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你好吗? We don't usually say the question in real life. We say 你还好吗 or 你还好吧 more often. To answer those questions, we often say: 我还好,我挺好的,我不怎么好,我不太好,我还行,etc. 我不是很好 is also a valid answer.


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我不是很好 = I am not feeling so good; I don't really use 我不是很好 or 我不好 because I hardly say that or hear people say that in real life, it's a bit unnatural to include the subject "我"; What I use the most to negatively respond to 你好吗? is 不太好 which also means not really good but this one sounds more natural/casual by leaving the subject out. Be sure to ...


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Yes. 求仁得仁 comes from The Analects of Confucius and it's original meaning has no irony. BUT nowadays more and more people use it as sarcasm, exactly like "You asked for it." and the original meaning almost doesn't apply any more.


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我不是很好 means I'm not feeling quite well, but not that bad. 我不好 literally means I'm feeling bad. But this sounds a bit rude/impolite. When you're unhappy and not likely to have a conversation with the guy, you can say this. However, when you are very familiar with the guy, you can say this with a joking tongue. 我很不好 means you are feeling quite bad.


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It would be a terrible thing to use irony in a condolence letter! I'm sure that is not the case! People are guessing, Professor 朱刚 has not made clear what he meant when he said 求仁得仁. The police said 书记王永珍 was killed by 姜文华, who apparently had some psychological problems. Originally, some people thought, 王永珍 had stolen some research results from 姜文华. ...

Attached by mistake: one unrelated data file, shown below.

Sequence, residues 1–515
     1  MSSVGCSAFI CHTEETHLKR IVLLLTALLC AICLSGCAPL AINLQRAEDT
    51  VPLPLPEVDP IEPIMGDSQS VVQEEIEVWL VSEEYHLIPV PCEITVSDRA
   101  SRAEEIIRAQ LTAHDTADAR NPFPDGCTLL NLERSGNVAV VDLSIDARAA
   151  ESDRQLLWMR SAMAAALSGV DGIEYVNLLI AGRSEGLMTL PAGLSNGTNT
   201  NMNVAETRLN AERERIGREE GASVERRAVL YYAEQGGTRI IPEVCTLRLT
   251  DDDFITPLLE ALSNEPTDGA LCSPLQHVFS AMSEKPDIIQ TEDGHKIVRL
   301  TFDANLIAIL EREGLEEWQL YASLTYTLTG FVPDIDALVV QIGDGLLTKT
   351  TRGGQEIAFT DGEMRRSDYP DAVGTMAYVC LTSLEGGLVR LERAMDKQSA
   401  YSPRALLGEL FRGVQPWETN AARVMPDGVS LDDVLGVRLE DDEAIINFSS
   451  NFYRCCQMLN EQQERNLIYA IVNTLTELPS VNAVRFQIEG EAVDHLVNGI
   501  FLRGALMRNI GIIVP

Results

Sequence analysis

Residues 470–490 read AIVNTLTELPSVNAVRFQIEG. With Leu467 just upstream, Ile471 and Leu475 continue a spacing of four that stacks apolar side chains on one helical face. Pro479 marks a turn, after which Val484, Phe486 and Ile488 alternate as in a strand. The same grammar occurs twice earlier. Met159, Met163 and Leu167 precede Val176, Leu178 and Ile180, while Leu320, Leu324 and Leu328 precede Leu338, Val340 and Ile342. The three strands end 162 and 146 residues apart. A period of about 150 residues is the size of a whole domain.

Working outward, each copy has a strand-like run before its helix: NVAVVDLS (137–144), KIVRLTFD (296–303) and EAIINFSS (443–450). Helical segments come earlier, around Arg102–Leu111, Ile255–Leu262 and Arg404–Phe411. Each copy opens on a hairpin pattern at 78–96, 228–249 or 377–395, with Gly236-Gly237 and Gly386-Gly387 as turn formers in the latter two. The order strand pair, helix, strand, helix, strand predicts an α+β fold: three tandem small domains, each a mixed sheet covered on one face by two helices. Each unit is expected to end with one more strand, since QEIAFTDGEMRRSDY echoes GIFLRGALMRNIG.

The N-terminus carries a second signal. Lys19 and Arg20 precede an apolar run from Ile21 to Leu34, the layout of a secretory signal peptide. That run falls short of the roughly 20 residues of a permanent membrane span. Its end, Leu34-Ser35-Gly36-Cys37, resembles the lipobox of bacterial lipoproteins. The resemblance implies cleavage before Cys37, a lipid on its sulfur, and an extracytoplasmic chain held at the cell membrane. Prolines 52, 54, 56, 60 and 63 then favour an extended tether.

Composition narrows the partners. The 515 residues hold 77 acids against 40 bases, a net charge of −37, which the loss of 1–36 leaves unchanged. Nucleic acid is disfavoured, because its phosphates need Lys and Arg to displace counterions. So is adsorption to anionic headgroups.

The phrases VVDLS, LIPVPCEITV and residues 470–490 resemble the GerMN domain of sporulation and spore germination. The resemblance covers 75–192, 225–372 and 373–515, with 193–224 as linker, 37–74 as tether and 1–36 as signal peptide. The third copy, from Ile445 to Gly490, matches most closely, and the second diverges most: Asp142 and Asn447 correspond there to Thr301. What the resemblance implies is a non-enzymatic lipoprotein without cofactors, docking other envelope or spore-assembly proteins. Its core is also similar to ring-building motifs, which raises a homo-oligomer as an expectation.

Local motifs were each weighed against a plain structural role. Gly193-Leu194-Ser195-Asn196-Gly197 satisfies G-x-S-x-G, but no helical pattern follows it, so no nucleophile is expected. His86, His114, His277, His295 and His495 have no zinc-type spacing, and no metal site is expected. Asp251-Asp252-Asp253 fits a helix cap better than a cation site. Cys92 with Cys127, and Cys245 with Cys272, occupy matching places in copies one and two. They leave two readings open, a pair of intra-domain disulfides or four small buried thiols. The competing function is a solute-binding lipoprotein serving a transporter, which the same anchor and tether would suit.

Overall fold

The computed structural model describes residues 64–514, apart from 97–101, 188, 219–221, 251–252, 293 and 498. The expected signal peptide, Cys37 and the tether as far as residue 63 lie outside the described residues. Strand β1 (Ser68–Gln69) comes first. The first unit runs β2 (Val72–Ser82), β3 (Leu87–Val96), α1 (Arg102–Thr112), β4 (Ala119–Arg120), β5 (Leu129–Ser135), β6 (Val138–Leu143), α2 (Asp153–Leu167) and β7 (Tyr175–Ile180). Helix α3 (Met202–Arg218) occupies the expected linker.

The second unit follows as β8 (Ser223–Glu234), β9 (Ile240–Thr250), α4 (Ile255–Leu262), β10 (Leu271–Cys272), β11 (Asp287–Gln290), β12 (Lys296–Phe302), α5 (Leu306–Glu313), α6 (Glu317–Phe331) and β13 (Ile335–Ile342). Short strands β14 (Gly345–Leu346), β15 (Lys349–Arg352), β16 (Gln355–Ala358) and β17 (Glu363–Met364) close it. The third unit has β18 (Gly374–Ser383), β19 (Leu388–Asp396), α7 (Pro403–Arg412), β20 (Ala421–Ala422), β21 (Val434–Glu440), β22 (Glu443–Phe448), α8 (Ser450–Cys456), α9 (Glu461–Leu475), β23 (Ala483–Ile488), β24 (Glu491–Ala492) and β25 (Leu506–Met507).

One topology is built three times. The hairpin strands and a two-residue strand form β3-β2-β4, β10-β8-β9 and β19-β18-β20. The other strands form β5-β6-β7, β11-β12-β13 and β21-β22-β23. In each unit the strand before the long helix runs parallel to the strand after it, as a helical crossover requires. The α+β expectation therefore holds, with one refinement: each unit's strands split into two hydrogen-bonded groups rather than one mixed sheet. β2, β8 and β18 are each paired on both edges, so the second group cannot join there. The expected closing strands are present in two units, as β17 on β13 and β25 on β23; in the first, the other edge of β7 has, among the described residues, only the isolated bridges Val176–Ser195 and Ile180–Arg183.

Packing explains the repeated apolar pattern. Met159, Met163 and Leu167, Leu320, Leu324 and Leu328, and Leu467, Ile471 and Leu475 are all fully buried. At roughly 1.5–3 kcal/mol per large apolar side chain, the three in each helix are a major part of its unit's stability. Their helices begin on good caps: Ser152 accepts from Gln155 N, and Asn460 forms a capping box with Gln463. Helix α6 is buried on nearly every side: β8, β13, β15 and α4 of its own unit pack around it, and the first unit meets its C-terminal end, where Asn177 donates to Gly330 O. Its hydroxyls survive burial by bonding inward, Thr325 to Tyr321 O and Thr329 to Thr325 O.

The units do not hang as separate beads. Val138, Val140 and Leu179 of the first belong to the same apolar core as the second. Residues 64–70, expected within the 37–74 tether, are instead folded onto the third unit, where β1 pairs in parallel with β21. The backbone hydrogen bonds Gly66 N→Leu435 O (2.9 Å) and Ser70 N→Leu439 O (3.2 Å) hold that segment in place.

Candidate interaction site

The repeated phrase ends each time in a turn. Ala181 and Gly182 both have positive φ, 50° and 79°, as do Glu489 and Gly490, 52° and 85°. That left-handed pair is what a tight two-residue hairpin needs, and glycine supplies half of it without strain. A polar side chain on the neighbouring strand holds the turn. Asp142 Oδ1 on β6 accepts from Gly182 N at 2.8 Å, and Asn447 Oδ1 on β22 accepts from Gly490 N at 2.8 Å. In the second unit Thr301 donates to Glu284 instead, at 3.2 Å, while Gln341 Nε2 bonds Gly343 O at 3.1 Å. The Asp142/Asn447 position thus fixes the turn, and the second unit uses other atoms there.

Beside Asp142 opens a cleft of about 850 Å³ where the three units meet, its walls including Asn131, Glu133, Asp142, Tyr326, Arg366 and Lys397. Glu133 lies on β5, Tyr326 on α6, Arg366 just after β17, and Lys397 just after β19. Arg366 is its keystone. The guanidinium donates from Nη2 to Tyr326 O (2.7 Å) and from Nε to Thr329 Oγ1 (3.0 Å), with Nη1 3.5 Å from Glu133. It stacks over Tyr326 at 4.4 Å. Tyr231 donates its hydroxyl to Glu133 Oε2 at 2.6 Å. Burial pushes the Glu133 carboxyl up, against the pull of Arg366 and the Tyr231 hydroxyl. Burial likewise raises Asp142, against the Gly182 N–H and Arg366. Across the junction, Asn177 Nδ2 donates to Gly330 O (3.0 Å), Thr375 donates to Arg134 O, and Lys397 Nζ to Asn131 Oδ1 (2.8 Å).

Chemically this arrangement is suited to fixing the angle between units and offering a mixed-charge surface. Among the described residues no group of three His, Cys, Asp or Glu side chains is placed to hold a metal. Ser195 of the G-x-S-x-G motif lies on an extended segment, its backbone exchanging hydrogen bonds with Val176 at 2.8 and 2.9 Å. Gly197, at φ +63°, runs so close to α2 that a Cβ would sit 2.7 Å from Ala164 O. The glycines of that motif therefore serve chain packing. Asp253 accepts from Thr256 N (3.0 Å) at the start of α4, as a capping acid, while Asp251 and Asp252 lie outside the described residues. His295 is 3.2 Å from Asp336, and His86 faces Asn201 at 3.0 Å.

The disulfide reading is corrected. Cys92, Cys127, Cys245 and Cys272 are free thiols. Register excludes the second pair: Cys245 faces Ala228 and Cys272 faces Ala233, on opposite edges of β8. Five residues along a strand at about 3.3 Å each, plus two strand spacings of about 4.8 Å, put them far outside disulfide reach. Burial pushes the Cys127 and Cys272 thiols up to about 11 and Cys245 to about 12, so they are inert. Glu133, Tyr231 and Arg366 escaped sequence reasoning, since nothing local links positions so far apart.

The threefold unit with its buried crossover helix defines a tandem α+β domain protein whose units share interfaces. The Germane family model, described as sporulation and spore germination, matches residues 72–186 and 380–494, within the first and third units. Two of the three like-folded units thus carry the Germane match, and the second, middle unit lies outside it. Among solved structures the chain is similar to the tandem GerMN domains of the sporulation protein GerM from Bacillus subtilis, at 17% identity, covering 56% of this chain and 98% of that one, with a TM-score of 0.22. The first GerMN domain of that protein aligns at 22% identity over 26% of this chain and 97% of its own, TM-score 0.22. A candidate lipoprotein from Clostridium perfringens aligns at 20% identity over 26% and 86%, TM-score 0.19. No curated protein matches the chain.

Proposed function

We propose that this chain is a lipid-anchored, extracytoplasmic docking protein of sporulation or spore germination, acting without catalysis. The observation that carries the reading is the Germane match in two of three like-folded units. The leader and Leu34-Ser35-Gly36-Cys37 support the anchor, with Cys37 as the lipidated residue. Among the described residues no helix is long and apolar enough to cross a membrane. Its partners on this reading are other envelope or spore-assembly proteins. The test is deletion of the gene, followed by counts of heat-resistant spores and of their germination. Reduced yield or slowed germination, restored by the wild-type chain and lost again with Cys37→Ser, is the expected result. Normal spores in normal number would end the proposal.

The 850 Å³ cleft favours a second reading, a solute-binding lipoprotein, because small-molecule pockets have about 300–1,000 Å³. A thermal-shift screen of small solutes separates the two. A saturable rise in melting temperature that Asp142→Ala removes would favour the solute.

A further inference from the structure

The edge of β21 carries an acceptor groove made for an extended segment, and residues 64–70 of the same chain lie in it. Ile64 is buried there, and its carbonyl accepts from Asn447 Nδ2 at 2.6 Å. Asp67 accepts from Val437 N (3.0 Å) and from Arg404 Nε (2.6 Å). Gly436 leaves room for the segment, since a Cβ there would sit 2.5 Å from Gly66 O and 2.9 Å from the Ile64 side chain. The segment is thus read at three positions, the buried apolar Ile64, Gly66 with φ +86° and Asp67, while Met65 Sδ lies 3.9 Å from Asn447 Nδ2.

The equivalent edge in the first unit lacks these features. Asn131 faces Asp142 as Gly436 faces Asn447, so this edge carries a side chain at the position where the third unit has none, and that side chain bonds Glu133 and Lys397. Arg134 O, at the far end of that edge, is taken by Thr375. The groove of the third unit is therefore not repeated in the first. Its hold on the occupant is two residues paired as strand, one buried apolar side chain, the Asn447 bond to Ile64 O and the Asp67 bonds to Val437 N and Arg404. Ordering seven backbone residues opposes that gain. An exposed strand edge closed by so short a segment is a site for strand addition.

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No, 求仁得仁 means "someone willing to die for just causes (principles), and fulfilled this commitment at the end" 仁 in 求仁 doesn't mean kind, it is from the idiom 捨身成仁 (sacrifice one's life for a just cause) 求 - seek --> willing to 仁 - 成仁 (die for principles) 得 - actually 仁 - 成仁 (die for principles) The article describes 永珍 as someone who held and ...


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I see what you mean. The explanation of the book is wrong and misleading. Why the book's explanation is wrong The only one we are certain that 去南方收购 and that 应该是“回北方” is the main character of our story. We don't know nothing about the others. Maybe some of them came from the North, maybe not. The interpretation given by the author of the book is not in line ...


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I love these little stories! Fill in the gaps with the correct word or phrase. 有位北方商人去南方收购茶叶, There was a businessman from the North who went south to buy tea, 当他到达目的地时, when he got where he was going, 当地茶叶早已被其他商人抢购一空。 he found all the tea had already been snapped up by other businessmen. 情急之中, Worried, 他突然想到一个---1---, he suddenly had (A an idea B. a thing C....